Over the last decade, there has been a proliferation in research focusing on the link between alcohol and cancer. The conclusion of this research is that alcohol consumption causes cancer. This includes cancer of larynx, cancer of the pancreas, cancer of the anus and cancer of the female breast amongst other varieties of cancer.
Scientists believe cancer causes at least 5000 different types of cancer. Drinking as little as 20ml of alcohol a day significantly increases the risk of you developing cancer. This dispels the myth that you must be a heavy drinker in order to increase the risks of developing cancer. However, although small amounts of alcohol can cause cancer, the more alcohol you drink, the greater the risk of developing cancer will be.
The idea that alcohol causes health benefits is thus a myth. Alcohol and its by-products are toxic and carcinogenic so you should really try to avoid alcohol completely or at least reduce the amount of alcohol you consume.
Types of cancer caused by alcohol
Below we outline a number of cancers believed to be caused by drinking alcohol. Please note that alcohol is believed to cause around 5000 different types of cancer, so the below is intended as a general overview:
#1. Alcohol and breast cancer
Drinking any form of alcohol is known to increase the risk of hormone-receptor-positive breast cancer. This is because drinking alcohol directly increases the levels of estrogen. Scientists also believe that alcohol increases the risk of breast cancer because alcohol damages DNA.
How much alcohol must you consume to increase this risk? Well, researchers are unable to give you a precise figure but drinking around three drinks a week is believed to increase the risk of breast cancer by around 15%. If you drink four drinks per week, this risk rises to 25%.
Many women may believe their moderate drinking will not increase their risks of developing breast cancer. Clearly, this belief is misguided. In fact, drinking as little as 20 ml of alcohol per day increases the risk of developing breast cancer. That’s why no amount of drinking can be considered ‘safe’ or ‘healthy.’
Drinking alcohol also increases the risk of developing benign breast lumps. These non-cancerous lumps may cause cancer in later years. The risk of developing benign breast lumps is particularly high for teenage girls who choose to drink alcohol on a regular basis.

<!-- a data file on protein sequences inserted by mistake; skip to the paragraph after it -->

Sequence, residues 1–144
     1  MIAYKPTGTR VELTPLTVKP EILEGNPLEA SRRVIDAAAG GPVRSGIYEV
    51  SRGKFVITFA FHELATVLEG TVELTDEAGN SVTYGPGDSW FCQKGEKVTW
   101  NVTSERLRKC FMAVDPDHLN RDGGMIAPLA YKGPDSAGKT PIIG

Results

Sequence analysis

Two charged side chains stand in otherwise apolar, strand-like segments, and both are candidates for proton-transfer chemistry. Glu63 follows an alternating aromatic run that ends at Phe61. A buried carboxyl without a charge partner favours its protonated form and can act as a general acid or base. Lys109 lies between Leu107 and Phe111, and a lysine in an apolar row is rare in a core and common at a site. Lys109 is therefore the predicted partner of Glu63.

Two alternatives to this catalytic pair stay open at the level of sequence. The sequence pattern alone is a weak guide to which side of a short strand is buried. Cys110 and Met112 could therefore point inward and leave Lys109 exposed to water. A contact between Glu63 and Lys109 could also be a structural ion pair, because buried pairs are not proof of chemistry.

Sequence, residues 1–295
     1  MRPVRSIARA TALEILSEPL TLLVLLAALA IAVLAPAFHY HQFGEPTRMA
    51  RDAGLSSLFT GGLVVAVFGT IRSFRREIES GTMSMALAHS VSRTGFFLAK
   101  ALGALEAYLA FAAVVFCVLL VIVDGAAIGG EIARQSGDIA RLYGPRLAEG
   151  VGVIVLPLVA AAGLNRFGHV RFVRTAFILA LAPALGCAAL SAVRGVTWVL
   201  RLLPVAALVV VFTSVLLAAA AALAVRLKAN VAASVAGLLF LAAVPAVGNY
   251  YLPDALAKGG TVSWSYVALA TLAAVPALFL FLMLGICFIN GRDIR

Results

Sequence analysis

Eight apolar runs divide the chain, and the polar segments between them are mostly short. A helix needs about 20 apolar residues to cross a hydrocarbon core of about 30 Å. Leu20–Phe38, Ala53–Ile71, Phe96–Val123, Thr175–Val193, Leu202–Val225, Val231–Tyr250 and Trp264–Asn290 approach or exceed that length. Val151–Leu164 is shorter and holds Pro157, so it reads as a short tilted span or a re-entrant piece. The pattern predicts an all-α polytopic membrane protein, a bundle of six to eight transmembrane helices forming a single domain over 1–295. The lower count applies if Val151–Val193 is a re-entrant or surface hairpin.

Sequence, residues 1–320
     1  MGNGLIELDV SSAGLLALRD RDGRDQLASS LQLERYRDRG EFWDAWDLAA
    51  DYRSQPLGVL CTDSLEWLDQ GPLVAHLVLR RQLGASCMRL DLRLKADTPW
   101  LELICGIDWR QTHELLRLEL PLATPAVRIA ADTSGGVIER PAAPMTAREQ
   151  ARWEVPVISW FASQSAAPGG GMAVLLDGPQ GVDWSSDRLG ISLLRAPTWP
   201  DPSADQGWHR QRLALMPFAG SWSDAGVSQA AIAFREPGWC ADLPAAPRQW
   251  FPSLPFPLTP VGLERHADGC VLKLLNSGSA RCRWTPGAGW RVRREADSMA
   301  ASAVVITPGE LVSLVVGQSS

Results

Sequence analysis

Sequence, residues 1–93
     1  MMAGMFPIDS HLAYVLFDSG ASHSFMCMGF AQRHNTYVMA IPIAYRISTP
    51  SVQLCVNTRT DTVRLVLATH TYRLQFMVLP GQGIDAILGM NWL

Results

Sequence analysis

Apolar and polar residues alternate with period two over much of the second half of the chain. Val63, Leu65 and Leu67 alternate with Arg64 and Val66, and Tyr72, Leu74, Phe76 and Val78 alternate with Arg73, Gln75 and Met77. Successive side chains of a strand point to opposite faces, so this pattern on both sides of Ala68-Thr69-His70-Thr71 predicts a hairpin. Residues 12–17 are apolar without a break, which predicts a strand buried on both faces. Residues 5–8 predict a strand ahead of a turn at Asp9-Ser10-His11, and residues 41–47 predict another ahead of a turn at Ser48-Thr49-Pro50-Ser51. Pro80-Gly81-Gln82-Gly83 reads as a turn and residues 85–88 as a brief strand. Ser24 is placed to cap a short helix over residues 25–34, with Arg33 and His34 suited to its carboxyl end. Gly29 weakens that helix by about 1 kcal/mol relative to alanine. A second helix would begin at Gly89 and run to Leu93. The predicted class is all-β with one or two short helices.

When you socialise with your friends, drink water, soda or a ‘mocktail’ instead of an alcoholic drink. Being social does not have to entail drinking alcohol.
#2. Head and neck cancer
If you drink an excessive amount of alcohol, you increase the risk of developing cancerous tumours on your neck and head region. Specific areas of the head and neck that are particularly at risk include the lips, the pharynx and the larynx. If you drink as little as two to three drinks per day, you increase these risks by as much as 300% compare to people who do not choose to drink alcohol. These risks are compounded when you mix alcohol with tobacco.
Types of head and neck cancer caused by alcohol consumption include:
- Mouth cancer (oral cavity)
- Throat cancer (pharynx, oropharynx and hypopharynx)
- Voice box cancer (larynx)
#3. Esophageal cancer
If you drink alcohol on a regular basis, you risk developing a form of esophageal cancer known as esophageal squamous cell carcinoma. This form of cancer is particularly common for people suffering from a genetic problem that prevents then from metabolising alcohol.
#4. Liver cancer
Alcohol causes a form of liver cancer known as hepatocellular carcinoma. Chronic alcoholism may also cause cancer indirectly through the development of hepatitis B and C.
#5. Colorectal cancer
Drinking alcohol is also known to increase the risks of developing rectum and colon cancer.
#6. Other forms of cancer
Although no substantive proof exists, alcohol may also contribute to the development of bladder, stomach, uterus, prostate and ovary cancer.